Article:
Natural history research on Juan Fernandez archipelago and Robinson Crusoe Island. The most comprehensive study about the natural resources of Juan Fernandez was compiled between 1920 and 1953 by Carl Skottsberg. The Swedish scientist co-authored "The natural history of Juan Fernández and Easter Island", referring to the algae, fungi and vegetation communities of the islands (Skottsberg 1953). In 1896, Johow published a review of the flora of Juan Fernández archipelago (Johow 1896), a work that has never been updated. Stuessy and collaborators helped to estimate the age of the islands (ca. four million years for Robinson Crusoe Island; Stuessy et al. 1984), and Castilla, together with several scientists (Castilla 1987) compiled a broad inventory for the Archipelago (and other oceanic islands) with respect to their geology, meteorology, marine biology, fishery, ornithology, entomology, and vegetation.
More specialized papers are dealing with genetic and breeding aspects of noteworthy plant species (Bernardello et al. 1999, 2001, Anderson et al. 2001). A map defining the vegetation types of Robinson Crusoe Island was produced by Greimler et al. (2002b). Danton and Perrier (2006) developed a complete catalogue of the vascular flora of the archipelago. Hahn et al. (2005, 2006, 2009) characterized the bird communities on the islands.
Endangered plant species in the main vegetation types. All analyses and results presented in this review are based on the main vegetation types of Robinson Crusoe Island (Greimler et al. 2002a; 2002b) and the catalogue of the island flora detailed by Danton and Perrier (2006).
After sampling 106 vegetation plots (releves) all over Robinson Crusoe Island using the Braun-Blanquet cover abundance scale, Greimler et al. (2002b), identified 15 vegetation types on the island. The main vegetation types consider the eight largest plant communities (sampled through 97 plots, Greimler et al. 2002a). The total richness of vascular plant species present in each releve (97) was estimated. Endemic, native, and exotic plant species were counted, and the richness of "endangered" and "invasive exotic" taxa was evaluated. For the main vegetation types the total number of species in each category was obtained for each plot, and then averaged.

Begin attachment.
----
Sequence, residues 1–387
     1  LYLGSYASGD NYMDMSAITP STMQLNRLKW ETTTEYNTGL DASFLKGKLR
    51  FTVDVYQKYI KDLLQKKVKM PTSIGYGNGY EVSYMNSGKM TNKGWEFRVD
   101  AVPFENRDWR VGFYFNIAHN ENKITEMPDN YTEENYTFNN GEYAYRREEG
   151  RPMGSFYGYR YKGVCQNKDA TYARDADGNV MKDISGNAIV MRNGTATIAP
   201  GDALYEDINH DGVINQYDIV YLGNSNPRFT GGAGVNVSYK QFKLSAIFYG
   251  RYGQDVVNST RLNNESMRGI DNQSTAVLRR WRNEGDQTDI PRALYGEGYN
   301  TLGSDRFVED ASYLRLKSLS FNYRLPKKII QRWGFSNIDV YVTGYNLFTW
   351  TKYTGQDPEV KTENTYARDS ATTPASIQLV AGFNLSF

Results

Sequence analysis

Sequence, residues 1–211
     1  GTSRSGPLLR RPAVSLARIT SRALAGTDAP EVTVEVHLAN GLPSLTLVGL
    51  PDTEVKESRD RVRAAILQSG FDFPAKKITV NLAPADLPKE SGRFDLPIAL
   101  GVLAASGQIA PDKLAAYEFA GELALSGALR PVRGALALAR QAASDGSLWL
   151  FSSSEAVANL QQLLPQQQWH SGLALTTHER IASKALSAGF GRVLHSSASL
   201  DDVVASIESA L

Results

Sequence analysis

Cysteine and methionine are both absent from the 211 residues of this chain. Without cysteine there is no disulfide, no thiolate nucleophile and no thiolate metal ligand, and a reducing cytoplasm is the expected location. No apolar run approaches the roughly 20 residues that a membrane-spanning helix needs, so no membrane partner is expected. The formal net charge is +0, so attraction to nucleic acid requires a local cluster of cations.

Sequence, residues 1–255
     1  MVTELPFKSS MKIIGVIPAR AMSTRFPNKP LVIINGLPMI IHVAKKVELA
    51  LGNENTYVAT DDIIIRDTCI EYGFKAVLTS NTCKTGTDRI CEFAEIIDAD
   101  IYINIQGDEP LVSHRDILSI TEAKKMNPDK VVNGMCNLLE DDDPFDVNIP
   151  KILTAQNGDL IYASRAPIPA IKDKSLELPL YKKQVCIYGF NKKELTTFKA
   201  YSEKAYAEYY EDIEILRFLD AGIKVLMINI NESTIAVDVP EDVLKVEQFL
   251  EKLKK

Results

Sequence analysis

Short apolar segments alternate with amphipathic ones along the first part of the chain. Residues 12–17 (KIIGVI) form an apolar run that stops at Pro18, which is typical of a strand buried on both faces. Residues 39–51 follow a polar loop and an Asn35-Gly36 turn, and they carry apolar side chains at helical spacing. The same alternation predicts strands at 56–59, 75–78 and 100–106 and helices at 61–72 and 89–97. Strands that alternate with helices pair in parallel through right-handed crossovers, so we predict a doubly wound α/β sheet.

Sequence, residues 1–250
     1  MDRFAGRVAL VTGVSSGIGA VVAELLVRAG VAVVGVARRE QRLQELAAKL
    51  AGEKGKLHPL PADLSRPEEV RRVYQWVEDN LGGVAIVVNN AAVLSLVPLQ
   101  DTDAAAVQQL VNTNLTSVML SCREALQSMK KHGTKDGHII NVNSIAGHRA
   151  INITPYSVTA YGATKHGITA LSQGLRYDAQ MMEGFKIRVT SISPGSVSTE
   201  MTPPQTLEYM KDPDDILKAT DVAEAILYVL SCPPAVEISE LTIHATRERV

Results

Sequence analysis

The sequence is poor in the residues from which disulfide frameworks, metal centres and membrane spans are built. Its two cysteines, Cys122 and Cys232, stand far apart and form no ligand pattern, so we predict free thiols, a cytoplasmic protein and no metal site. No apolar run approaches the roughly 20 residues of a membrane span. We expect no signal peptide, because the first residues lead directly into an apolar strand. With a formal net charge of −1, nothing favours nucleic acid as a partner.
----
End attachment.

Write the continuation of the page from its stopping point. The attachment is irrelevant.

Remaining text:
Native and endemic species were classified using the criteria of the endangered species red list of the International Union for Conservation of Nature (IUCN) provided by Danton and Perrier (2006). These categories were simplified to improve interpretation: a) "critically endangered" and "endangered" were regarded as those species that present an extremely high or a high risk of extinction in the wild; b) "vulnerable" were considered those species that are menaced in the wild, and c) "least concern" was attributed to species that are at low risk of endangerment.
The grade of invasiveness of exotic species was assessed using two categories sensu Danton and Perrier (2006): a) "dangerous invasive" i.e. exotic species already naturalized in the wild which endanger the survival of native species and b) "species with naturalization risks", i.e. exotic species that present a certain risk of naturalization in the wild. Some exotics could not be classified because of c) "insufficient information".